A tree that is freshly cut down contains a significant amount of moisture. It is considered green or unseasoned because of this high level of water inside the wood.
The moisture content of any type of wood can be measured by weighing the wood when it is green and comparing it to the weight of this same wood when it is completely dried to 0% moisture.
For example, if a green piece of maple weighs 75 grams when green and 50 grams when it reaches 0% moisture, its moisture content would be 50% as calculated here (75-50)/50 = 50%.
The various types of wood used for firewood will have different percentages of moisture content. Seasoning time will vary based on the type of wood.
Measuring Firewood Moisture
We recommend buying a moisture meter that will help take the guessing out of when your firewood is seasoned.
The General Tools MMD4E Digital Moisture Meter found on Amazon is a popular meter that can be used for this purpose.
You simple stick the two pins on the meter into the firewood and a digital readout will tell you if the wood has low, medium, or high moisture. Additionally, it will provide the percentage of moisture in the wood. Firewood with approximately 20 percent or less moisture content is ready for burning.
You can see how efficiently this meter works in the below video. Be sure to check the inside of firewood and not just the ends as shown in the video if you plan on using this meter. The inside may indicate higher moisture content.
Given the relatively inexpensive price of this meter, it is a tool that will likely provide many readers a lot of value for years to come.
- DETECT MOISTURE- Determine the moisture content of wood and other building materials (like drywall) or check water damaged areas to see if moisture is still present
- FIRST STEP IN MOLD PREVENTION - By checking suspicious water stains with a moisture tester around the house, you can determine whether the area is wet (a perfect breeding ground for mold) or has long since dried
- ACCURACY- Stick the stainless steel pins into the surface of what you are measuring in order to get a read-out. Overall measurement range of 5 to 50% for wood and 1.5 to 33% for building materials as well as low, medium and high moisture tones and colored green, yellow and red LED visual alerts
- EASY TO READ AND USE- Large 0.3 in. (8mm) high digits in a backlit LCD display for quick and easy viewing plus a hold function to freeze a reading, auto power off and a low battery indicator
- INCLUDES- Extra 0.3 in. (8mm) stainless steel pins, protective cap that doubles as a calibration checker and a “9V” battery
Last update on 2020-02-14 / Affiliate links / Images from Amazon Product Advertising API
How Long Does It Take To Season Firewood?
The length of time it takes to season firewood will vary based on the wood as previously stated. If you want to bypass the moisture meter recommended above, you can use an estimate for when it will be seasoned.
Generally, split and appropriately stacked firewood will take approximately six to eight months to season. It should be stacked off the ground and preferably in a firewood cart or rack.
Air circulation should be allowed from all sides; therefore, do not stack the wood directly against a fence or wall. Leave the seasoning firewood outside as opposed to in the garage, shed, or basement.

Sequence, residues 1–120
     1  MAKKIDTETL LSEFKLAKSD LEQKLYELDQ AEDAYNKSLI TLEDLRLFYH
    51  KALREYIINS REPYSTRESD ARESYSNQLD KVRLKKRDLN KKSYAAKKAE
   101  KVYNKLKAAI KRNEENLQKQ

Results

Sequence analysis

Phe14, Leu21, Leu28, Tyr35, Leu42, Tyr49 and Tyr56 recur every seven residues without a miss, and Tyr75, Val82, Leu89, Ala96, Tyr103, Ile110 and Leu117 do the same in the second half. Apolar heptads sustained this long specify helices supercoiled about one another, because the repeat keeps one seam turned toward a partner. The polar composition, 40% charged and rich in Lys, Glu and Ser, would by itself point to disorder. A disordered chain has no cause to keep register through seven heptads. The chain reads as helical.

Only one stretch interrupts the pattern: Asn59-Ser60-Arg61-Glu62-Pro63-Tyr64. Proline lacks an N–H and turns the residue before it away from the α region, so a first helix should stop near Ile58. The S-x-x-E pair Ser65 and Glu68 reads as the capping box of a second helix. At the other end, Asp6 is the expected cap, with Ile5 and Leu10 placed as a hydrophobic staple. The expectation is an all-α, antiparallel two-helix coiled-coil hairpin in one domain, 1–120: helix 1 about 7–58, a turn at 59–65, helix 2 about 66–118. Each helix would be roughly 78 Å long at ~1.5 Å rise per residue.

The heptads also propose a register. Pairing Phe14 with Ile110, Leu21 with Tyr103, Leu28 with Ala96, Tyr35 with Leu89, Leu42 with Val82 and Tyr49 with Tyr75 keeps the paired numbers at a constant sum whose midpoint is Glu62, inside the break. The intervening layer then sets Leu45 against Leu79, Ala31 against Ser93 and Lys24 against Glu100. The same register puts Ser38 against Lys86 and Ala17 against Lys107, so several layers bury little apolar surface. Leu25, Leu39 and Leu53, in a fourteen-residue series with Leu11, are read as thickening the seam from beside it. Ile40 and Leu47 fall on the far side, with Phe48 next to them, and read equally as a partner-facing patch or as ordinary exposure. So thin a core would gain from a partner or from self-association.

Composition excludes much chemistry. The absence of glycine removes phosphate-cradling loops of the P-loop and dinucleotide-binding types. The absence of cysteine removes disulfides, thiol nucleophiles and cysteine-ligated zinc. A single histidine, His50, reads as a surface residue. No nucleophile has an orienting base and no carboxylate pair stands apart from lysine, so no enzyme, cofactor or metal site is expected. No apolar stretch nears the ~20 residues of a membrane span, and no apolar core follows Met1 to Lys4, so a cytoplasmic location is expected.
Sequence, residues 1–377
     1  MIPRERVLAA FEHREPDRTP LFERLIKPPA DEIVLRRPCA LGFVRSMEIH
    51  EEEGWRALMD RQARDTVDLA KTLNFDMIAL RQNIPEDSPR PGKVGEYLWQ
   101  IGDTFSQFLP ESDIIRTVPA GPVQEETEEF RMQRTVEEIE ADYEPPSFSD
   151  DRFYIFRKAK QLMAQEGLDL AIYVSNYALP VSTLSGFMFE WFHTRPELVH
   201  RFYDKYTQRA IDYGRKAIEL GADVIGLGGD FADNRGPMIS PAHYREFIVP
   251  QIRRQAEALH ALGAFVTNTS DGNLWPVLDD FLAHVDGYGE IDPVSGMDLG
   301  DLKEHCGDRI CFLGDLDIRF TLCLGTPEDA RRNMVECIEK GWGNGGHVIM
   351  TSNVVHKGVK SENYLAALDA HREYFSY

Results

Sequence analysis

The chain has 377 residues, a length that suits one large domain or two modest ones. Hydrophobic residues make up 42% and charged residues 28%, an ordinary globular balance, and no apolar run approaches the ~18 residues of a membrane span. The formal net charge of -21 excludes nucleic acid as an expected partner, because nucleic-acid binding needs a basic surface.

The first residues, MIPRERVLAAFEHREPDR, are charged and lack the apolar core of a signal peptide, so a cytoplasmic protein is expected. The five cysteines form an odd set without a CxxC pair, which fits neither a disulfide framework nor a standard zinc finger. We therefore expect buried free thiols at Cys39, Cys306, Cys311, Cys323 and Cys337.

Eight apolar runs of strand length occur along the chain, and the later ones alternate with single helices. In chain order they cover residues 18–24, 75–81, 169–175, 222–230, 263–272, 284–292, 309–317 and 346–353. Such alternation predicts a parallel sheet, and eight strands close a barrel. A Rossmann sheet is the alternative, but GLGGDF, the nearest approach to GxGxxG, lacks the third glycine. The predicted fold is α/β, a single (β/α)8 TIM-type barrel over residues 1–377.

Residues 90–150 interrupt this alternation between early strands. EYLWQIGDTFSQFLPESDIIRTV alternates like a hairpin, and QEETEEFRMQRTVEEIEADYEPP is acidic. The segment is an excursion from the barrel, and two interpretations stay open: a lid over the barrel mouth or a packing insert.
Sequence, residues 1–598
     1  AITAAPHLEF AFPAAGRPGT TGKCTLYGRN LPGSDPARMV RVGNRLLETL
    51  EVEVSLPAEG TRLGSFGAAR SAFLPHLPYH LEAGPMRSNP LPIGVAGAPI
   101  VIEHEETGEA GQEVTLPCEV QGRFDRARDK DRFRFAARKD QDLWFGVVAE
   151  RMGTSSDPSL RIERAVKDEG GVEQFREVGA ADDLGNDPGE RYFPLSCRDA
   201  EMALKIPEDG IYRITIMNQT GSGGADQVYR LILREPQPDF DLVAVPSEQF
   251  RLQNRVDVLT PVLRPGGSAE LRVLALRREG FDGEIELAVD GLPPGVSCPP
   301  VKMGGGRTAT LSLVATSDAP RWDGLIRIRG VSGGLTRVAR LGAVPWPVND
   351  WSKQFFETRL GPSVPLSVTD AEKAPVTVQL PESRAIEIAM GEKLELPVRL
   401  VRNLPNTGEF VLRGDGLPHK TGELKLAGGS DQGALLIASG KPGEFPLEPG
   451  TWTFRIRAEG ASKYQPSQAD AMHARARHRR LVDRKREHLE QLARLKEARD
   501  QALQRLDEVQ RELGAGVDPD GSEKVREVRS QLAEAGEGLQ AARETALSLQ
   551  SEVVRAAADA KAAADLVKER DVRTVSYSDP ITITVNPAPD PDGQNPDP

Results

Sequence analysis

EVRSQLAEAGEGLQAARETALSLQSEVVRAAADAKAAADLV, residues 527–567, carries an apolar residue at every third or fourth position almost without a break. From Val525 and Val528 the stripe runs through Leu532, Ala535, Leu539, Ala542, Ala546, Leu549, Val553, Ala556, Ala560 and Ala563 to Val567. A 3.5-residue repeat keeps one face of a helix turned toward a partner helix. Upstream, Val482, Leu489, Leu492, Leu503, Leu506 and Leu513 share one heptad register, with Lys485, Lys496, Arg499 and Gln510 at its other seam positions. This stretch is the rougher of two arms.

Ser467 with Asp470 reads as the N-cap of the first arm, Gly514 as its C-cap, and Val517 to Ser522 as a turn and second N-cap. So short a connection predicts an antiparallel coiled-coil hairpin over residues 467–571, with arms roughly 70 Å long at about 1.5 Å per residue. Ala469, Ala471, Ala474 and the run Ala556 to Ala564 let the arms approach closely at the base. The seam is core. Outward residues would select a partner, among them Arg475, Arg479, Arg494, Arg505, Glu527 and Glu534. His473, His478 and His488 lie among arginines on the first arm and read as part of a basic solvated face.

Please read our article titled Can you store firewood in the garage? for more information on why it best to season firewood outdoors.
Keep in mind that firewood tends to get darker as it ages. If you have the same species of wood in a pile and some logs are dark than others, the darker pieces may be an indication of more seasoned wood.
Additionally, cracking on the edges also may be a sign that the wood is ready to be burned.
Finally, the sound of two pieces of seasoned wood hit together will sound different than unseasoned wood. The video below from BostonFirewood.com provides an excellent example of this sound difference.
Why Burn Only Seasoned Firewood?
Many people question, why even season firewood in the first place? Outside of unseasoned firewood being difficult to ignite, there are some other problems that arise from burning green wood.
The first issue is the lack of heat production. When burning unseasoned firewood, a lot of energy is used to burn away the moisture. This energy use takes away from the production of heat creating mediocre warmth from the fire.
Another problem is that the moisture in unseasoned firewood produces an excessive amount of smoke. This high concentration of smoke allows creosote to form.
Creosote produces black deposits that are particularly harmful when they harden and build up inside a chimney. As Doctor Flue indicates, the primary concerns with creosote are skin/eye irritation, respiratory issues, and cancer. Furthermore, creosote is also a leading cause of chimney fires due to being flammable and able to produce an extremely high temperature inside the chimney.
It is best to have a professional chimney sweep remove the build up of creosote if you suspect it to be a problem in your home. You likely do not want to risk your health or potentially not adequately removing it on your own.
If you have a lot of firewood, do yourself a favor and purchase a moisture meter. It will tell you exactly when your firewood is seasoned and is simple to use. For the price, it is an excellent investment to ensure you are not burning green wood.
When you only have a small stack of firewood that you plan on burning, a moisture meter is potentially overkill. Season the stack for several months and use your best estimate of when it is seasoned. Burning a test piece of firewood will provide a good indication of how well its seasoning